Industry insiders quickly found holes in the Affordable Care Act employer mandate delay announced July 2 by the Obama administration and U.S. Department of Treasury.

The biggest hole so far, say brokers and media alike, is self-reporting for subsidies.

Thom Mangan, CEO of United Benefit Advisers and EBA advisory board member, says he had one main question for the Treasury after the announcement: What about the people who were going to potentially be eligible for subsidies if their employer was not offering "affordable" coverage, as the ACA stipulates?

That answer came three days later from the Obama administration.

"It's crazy," Mangan says. "It's self-reporting. ... Employers don't have a mandate to go and report if a person is eligible for subsidy. Some people will just apply and they may be at 400% of poverty level, they may be 50%, whatever they report is whatever goes through."

 

Subsidy confusion

The announcement, which Mangan says was expected from the Treasury, came in a 606-page document that not only answered his aforementioned question but made clear that all subsidy verification would rely on self-reporting until 2015.

Mangan says he predicts there are going to be "plenty" of people who are not qualified for subsidies getting them anyway.

"We're in for an awful 2014, 2015 for the IRS trying to figure this out," he says.

A Mercer statement on the subsidy loophole nodded to even more potential confusion. "Public exchanges, which are slated to be operational in 2014, may still reach out to employers to verify applicant eligibility for health insurance," the statement said.

"It will be state by state, and it's just going to be part of your tax return," Mangan says about the possibility of some states pursuing verification. "I just moved to Illinois and it was pretty simple in my W2 paperwork."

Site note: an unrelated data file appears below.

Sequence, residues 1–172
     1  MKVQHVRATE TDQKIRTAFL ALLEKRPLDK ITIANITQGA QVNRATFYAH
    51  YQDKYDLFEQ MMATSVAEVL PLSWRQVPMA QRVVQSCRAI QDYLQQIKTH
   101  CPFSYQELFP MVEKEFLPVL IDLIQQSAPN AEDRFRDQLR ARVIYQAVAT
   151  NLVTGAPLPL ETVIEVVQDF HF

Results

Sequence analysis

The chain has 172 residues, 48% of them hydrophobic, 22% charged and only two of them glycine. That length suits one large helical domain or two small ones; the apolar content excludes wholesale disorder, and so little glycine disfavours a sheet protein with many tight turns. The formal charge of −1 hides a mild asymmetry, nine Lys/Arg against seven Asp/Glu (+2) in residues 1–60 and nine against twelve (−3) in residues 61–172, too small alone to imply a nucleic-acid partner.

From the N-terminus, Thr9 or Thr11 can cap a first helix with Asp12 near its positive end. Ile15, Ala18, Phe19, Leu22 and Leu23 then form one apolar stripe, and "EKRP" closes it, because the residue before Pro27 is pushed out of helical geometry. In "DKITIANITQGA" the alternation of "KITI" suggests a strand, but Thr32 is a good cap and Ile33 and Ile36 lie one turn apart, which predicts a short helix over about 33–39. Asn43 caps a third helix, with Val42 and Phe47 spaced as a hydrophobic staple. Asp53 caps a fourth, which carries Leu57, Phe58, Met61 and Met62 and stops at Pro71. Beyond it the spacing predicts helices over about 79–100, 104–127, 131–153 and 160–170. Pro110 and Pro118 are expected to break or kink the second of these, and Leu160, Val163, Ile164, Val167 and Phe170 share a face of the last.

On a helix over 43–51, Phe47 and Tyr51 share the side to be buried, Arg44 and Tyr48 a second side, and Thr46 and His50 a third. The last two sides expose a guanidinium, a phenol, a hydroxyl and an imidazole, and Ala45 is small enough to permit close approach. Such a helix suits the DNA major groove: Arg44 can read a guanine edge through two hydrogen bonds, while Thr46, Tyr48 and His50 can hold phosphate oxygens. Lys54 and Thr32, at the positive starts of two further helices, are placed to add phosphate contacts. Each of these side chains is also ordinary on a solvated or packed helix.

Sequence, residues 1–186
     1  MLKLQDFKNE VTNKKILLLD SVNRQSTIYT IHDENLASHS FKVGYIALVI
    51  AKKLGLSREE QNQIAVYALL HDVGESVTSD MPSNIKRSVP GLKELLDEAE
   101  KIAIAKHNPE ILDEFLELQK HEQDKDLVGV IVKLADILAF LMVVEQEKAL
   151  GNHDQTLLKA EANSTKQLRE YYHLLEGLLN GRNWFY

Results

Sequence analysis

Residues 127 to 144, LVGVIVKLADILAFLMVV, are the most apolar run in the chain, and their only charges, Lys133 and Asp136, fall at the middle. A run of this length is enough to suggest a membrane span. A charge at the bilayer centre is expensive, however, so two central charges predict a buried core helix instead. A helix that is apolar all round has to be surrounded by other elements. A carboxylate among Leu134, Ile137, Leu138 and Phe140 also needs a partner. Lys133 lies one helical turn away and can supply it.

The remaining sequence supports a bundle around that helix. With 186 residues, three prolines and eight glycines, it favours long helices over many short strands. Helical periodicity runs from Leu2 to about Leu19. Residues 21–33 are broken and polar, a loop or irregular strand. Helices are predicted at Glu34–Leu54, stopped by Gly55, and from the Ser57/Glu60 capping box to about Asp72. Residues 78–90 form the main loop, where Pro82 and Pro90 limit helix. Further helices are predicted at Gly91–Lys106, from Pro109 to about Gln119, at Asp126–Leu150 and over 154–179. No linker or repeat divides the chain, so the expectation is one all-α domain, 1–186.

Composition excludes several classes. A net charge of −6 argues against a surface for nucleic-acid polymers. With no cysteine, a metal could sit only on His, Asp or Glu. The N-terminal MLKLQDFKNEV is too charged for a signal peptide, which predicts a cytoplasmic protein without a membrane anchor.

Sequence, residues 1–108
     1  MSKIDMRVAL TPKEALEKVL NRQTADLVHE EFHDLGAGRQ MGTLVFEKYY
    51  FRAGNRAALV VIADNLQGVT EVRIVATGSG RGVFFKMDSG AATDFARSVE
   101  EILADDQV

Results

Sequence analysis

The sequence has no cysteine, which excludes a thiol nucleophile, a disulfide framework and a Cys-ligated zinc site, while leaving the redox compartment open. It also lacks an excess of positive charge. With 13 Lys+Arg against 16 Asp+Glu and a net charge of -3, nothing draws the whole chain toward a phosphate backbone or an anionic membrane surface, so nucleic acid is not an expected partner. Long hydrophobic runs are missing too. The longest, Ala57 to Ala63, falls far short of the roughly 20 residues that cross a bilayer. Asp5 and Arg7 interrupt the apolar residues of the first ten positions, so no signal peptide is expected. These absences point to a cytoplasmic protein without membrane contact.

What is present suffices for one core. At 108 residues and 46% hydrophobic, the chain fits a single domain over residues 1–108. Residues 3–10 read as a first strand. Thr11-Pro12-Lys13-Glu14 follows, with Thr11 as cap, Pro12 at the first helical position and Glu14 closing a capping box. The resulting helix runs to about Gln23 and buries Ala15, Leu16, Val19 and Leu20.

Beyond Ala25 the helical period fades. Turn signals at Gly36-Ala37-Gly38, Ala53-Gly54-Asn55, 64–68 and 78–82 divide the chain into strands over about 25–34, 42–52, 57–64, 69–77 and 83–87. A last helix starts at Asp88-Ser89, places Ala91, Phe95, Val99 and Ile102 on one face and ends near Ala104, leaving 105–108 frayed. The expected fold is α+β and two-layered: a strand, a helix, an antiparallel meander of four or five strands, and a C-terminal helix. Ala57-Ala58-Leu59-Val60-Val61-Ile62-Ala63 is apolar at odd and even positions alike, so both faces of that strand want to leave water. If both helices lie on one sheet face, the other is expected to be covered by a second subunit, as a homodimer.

With some states verifying and others potentially not, the budget could get tricky.

Also contributing to new budgeting problems for the ACA is the missing funds that would have accrued from employer penalties for not offering health care in 2014.

Despite the varying sources that say between 94% and 98% of employers already offer coverage, Mangan says there were definitely some businesses planning to pay the fine and not "play."

He explains: "There were still some employers in the high part-time or low-wage industries that never provided benefits. They have 300% annual turnover in the fast food industry ... that was more of a logistical nightmare than providing health insurance."

In fact, the Congressional Budget Office had previously estimated that the penalties from employers would add up to approximately $10 billion in 2014. "I'd say the CBO had it spot-on in terms of what we won't collect in the end," Mangan says.

Meanwhile, as the details are sorted out, business groups and insurance brokers and agents immediately celebrated the extra time allowed for employer shared responsibility reporting. Some also questioned whether other delays are on the horizon as well.

Brian Kalish contributed to this report.

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